18. 18. Avg Wait times nowselect, (time_waited)/nullif(wait_count,0) avg_ms, wait_countfrom v$eventmetric e, v$event_name enwhere e.event# = en.event# and like %&1%‘; NAME AVG_MS WAIT_COUNT db file sequential read .658863707 6420 db file scattered read .549427419 186 db file parallel write .089073438 64 Copyright 2006 Kyle Hailey
    19. 19. Object TranslationCurrent fields in v$active_session_history  CURRENT_OBJ#  CURRENT_FILE#  CURRENT_BLOCK#  Called “ROW_WAIT_%” in v$sessionOnly apply to  Buffer Busy Waits  IO Waits  Enqueue TXIgnore these fields for other wait events
    20. 20. Wait interface Weaknesses Logons  EM 10g shows these on perf page  Time model helps  V$SYS_TIME_MODEL  connection management call elapsed time (I’ve had problems) Paging/Memory issues CPU starvation Null Events Bugs – read external table reports CPU  Copyright 2006 Kyle Hailey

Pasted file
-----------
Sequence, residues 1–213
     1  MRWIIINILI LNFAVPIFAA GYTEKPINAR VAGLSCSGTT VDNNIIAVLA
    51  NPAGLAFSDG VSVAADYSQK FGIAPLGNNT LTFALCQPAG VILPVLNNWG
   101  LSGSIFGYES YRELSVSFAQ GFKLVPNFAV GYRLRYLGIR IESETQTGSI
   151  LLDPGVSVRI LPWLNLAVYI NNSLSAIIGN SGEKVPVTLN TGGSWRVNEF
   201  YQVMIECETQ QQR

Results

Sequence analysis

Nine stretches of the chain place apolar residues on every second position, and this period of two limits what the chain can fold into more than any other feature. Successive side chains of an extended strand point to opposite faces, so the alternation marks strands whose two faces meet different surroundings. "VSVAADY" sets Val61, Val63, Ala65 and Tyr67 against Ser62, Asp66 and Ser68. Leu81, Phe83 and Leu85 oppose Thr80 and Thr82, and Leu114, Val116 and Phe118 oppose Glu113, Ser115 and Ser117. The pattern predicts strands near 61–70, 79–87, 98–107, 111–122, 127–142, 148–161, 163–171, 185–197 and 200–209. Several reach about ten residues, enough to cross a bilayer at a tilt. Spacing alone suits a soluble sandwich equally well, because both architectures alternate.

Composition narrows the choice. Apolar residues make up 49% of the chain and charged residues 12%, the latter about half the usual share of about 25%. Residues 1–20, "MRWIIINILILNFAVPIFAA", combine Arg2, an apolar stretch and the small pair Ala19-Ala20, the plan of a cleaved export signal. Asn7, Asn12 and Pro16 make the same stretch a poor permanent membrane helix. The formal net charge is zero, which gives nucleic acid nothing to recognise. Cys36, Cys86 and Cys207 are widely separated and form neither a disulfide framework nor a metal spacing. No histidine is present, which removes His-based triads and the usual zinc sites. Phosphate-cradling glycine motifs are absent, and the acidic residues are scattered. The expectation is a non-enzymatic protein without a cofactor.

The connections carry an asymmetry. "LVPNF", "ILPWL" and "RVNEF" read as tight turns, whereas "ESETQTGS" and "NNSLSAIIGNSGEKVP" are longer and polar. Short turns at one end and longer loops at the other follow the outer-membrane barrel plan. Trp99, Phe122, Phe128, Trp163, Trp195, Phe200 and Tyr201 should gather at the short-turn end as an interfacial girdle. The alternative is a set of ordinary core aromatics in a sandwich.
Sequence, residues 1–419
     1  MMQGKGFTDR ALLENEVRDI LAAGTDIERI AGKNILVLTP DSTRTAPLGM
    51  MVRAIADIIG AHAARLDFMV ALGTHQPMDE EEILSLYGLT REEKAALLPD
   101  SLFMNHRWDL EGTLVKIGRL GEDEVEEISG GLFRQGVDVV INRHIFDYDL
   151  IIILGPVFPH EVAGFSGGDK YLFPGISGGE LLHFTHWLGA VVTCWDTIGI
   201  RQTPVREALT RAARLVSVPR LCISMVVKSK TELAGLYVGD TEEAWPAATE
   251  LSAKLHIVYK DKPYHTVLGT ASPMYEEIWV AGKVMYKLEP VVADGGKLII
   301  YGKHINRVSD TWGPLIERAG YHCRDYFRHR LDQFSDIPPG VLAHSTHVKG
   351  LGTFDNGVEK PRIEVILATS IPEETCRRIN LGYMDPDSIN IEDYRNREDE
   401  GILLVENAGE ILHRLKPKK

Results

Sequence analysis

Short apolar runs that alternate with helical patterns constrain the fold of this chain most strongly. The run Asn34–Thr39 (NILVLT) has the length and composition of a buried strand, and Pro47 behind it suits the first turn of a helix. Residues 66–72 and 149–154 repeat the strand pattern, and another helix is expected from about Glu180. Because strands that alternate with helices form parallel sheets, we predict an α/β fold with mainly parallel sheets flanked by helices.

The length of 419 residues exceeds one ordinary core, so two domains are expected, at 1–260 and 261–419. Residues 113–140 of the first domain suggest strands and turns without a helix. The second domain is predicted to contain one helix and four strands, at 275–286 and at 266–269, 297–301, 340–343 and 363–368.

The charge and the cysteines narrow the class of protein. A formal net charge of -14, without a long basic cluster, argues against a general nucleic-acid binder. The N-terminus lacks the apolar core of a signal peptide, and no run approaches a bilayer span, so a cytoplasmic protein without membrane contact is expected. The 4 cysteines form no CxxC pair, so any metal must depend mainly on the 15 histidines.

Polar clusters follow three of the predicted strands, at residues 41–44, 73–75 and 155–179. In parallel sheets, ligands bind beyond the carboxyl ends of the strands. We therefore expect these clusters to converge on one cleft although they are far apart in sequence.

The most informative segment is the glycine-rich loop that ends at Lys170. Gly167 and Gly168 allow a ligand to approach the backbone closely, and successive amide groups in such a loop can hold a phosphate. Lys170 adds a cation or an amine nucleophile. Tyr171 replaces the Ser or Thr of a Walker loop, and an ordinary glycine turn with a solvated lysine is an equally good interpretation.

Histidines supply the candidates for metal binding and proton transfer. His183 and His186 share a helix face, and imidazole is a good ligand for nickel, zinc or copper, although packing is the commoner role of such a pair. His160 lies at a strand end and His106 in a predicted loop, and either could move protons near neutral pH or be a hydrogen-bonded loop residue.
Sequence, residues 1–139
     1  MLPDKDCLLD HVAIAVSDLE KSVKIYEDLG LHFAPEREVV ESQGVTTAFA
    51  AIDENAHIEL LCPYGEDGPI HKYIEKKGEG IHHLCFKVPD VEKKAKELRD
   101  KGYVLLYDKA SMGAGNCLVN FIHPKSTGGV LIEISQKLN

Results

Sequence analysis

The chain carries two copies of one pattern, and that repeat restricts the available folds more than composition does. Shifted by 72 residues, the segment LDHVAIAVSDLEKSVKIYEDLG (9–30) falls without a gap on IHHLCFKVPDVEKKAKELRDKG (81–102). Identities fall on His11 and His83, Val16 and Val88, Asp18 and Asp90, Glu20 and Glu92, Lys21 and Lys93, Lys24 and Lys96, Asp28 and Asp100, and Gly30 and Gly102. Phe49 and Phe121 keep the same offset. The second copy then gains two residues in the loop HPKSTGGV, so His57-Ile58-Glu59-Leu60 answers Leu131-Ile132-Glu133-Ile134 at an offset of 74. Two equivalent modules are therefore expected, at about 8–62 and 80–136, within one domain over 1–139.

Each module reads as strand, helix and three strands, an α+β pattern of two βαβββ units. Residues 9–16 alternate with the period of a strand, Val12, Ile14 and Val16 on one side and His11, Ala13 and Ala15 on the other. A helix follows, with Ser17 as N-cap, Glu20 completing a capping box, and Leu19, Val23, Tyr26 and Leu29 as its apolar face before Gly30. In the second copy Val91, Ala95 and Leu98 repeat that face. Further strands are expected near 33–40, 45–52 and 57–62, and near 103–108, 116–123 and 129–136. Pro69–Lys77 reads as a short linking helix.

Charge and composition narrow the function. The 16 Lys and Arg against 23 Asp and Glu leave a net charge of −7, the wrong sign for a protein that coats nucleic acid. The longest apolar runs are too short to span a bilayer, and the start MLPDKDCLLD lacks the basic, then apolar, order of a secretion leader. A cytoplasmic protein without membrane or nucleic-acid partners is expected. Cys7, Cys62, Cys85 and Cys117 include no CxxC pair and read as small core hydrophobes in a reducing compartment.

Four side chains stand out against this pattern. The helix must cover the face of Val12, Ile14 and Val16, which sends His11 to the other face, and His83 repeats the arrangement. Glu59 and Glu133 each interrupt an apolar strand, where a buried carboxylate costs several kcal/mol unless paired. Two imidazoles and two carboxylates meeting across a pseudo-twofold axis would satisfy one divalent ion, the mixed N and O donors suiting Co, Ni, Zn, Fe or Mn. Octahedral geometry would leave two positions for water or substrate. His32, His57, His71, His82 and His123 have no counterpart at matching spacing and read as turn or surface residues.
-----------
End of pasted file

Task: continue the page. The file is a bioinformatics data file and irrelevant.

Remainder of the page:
21. 21. Summary Host CPU Waits make Tuning Easy Memory Oracle Load  Check Machine Health (AAS)  Tune Waits AAS > #CPU  Tune CPU Waits > CPU > AAS > 1 CPU Waits  Tune SQL Top Session Top Wait Top SQL  Change Application Architecture Use Object Detail SQL Detail Wait Detail Session Detail File Detail  OEM10g SQL Tuning  Statspack/AWR, ADDM Advisor  S/ASH Ignore Background, Idle, Resmgr, PQO Use ASH if OEM fails See for more info Copyright 2006 Kyle Hailey